A collage of all 6 TCC campuses

A Year in Review

2014–2015 Academic Year

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Fall 2014

  • Tarrant County College’s Northwest Campus opened the long-awaited Center of Excellence in Aviation, Transportation and Logistics (CEATL), providing significantly expanded training opportunities not just in Aviation, but in Logistics and Supply Chain Management as well. To date, five Associate Degree programs and 10 certificate programs are offered at this location.

  • TCC and Texas Woman’s University officials signed agreements to facilitate the transfer of TCC students to the four-year institution. The two formal agreements will provide students a clear pathway to follow as they transfer from TCC to TWU in pursuit of their life and career goals. In the past decade, more students from TCC have transferred to TWU than from any other community college and now comprise about 13 percent of TWU’s total newly enrolled transfer students. As part of TCC’s ongoing commitment to student access and success, the two higher education institutions signed two agreements: a general Memorandum of Understanding and an Honors Articulation Agreement for Cornerstone students who apply to the TWU Honors Scholars Program.

  • TCC transformed the organization formerly known as Continuing Education with a new structure: Community and Industry Education (CIE). This new name and structure accommodate not only the programs TCCC has in place today, but those that may be added in the future. Continuing Education and Industry Education consists of four clear program units: Lifelong Learning, Workforce Training and Certifications, Preparatory Education and Professional Seminars and Conferences.

  • TCC and the Grapevine-Colleyville Independent School District opened the Early College High School (ECHS). The doors of the Tarrant County College Northeast CGISD Collegian Academy opened with 113 students situated in renovated portions of the Multi-Purpose Classroom Building (NMPC) on TCC’s Northeast Campus.

Spring 2015

  • Workforce Solutions for Tarrant County awarded Chancellor Erma Johnson Hadley the 2014 Judge Vandergriff Leadership Award, while former Associate Vice Chancellor for Community and Industry Education Services received the 2014 Service to Community Award. Both awards recognize TCC’s important contribution to the economic development and health of the North Texas region, which has helped recruit high-profile companies (and jobs) to the area.

  • For the third consecutive year, all five TCC campuses hosted the “Success Within Reach Community and High School Showcase” to introduce potential students to its educational programs and more than 60 technical/occupational programs. Approximately 1,260 individuals attended to take tours, participate in break-out sessions, meet with advisors and complete interest cards for additional information.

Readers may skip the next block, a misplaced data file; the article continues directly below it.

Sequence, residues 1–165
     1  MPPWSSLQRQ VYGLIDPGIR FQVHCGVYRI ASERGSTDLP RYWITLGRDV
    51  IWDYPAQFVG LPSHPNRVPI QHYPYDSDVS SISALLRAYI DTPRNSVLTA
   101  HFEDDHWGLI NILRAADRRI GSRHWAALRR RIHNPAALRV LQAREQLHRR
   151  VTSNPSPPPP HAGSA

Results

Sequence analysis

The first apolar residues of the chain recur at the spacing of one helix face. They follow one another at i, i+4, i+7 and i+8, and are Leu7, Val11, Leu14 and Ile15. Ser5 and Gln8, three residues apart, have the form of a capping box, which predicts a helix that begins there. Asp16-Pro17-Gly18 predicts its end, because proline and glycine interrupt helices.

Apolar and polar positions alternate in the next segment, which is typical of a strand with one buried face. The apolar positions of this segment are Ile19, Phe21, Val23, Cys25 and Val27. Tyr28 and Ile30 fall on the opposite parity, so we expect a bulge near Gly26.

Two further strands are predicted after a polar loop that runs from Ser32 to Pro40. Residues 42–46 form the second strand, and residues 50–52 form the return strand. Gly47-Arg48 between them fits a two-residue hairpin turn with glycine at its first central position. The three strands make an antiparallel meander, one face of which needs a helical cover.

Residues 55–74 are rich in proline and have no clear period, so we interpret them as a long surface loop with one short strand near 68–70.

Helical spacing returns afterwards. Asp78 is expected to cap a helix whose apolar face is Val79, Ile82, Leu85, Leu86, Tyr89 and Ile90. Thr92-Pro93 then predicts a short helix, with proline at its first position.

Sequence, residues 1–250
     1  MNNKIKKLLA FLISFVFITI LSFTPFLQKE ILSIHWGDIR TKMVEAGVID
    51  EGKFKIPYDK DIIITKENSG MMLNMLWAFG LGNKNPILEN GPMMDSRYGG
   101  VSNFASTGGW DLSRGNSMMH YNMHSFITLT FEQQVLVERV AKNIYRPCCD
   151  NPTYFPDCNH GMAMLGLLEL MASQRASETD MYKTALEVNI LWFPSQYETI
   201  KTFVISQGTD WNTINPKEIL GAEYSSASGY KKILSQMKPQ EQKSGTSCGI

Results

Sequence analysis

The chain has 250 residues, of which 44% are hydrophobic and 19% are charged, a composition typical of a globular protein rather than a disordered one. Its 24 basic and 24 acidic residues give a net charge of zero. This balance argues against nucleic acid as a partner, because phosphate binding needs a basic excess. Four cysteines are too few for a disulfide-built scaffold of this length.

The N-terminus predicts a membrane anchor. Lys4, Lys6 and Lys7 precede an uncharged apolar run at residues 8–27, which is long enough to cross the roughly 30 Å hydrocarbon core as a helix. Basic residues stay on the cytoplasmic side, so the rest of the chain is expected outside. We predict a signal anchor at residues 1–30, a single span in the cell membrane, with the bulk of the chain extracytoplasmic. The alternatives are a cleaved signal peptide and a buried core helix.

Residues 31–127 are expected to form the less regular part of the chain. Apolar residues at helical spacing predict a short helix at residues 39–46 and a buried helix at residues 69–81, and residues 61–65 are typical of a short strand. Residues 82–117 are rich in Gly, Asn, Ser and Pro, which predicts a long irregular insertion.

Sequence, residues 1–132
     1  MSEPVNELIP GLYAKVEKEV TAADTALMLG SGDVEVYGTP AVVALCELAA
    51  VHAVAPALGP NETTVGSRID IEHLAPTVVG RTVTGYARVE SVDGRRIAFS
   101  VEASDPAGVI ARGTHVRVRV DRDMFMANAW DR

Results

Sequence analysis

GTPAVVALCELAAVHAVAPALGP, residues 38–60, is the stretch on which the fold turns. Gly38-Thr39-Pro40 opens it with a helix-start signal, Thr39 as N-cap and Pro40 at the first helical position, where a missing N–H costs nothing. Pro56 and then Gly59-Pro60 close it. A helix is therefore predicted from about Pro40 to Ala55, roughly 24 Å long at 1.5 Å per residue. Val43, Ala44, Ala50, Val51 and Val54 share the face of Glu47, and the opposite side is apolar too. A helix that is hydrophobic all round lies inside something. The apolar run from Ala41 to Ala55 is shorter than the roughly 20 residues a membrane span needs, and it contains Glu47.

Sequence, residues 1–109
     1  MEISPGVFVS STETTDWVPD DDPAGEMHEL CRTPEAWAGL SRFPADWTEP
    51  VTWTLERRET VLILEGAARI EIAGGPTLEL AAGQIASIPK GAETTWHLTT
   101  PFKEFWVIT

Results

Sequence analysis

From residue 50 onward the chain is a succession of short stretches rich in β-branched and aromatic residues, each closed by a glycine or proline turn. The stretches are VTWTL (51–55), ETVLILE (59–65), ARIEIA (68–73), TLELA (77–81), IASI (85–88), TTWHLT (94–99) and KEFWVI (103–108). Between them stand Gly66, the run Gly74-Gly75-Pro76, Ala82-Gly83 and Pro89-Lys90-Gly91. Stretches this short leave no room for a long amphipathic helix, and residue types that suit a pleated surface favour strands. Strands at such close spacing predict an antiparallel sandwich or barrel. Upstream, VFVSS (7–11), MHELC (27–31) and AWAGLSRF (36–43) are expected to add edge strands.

• TCC celebrated the first graduating class of the Texas Academy of Biomedical Sciences, an Early College High School housed at the Trinity River campus that represents a collaborative effort among the Fort Worth Independent School District, TCC, the University of North Texas and UNT Health Science Center. Top graduates received scholarships to Johns Hopkins University, Texas A&M, Rice University, Baylor University, Trinity University, UNT, Texas Woman’s University and the University of Texas at Austin.

  • TCC graduated 7,127 students during the 2014–2015 school year, representing a 77 percent increase in number of degrees and certificates conferred in the past four years despite simultaneous enrollment increases of only 3 percent.

Two students share a funny moment in a lab classroom

Summer 2015

  • The Fort Worth Chamber of Commerce honored TCC with the Chairman’s Spirit of Enterprise Award at the Chamber’s 133rd annual meeting. Initiated in 1975, the award recognizes companies that have made significant contributions to the city’s advancement and prosperity while reflecting the strengths of the American private enterprise system. TCC becomes only the second higher education institution to be honored with the Spirit of Enterprise Award, and was lauded for its annual economic impact in Tarrant County of $444.8 million.

  • TCC’s Northwest Campus Center of Excellence for Aviation, Transportation and Logistics (CEATL) partnered with Gulf Aerospace to expand its program by including a Fuselage Mock-up of a G-280 Gulfstream Aircraft. The portable mock-up includes a completely powered fuselage mounted on a flatbed trailer. The systems are displayed so they can be recognized and observed while in use. This complex fuselage will be used to educate students from elementary to high school and the general public at various air shows about career opportunities in aviation. As part of this collaboration, Gulf Aerospace’s Dallas facility donated the Fuselage Mock-up.

  • TCC’s year-long celebration of its 50-year legacy of service to the community culminated in August with a free public event at Panther Island on the Trinity River in downtown Fort Worth. The hallmark event, “TCC Proud: Celebrating 50 Years,” included “Over the Years,” a historical tribute; greetings and proclamations from elected officials; and a bond-burning ceremony in honor of TCC’s final payment on general obligation, making it debt-free for the first time in its history. Participants also enjoyed “Doing Up the Decades”—performances from each campus highlighting the last five decades, and the “Education Try-Way,” where participants tried their hand at flying with a laptop flight simulator, recorded their memories of TCC in the Radio/TV/Film studio, learned to spell their names in sign language and enjoyed chocolate-dipped fruit while checking out TCC programs and services showcased in tents on the banks of the Trinity River.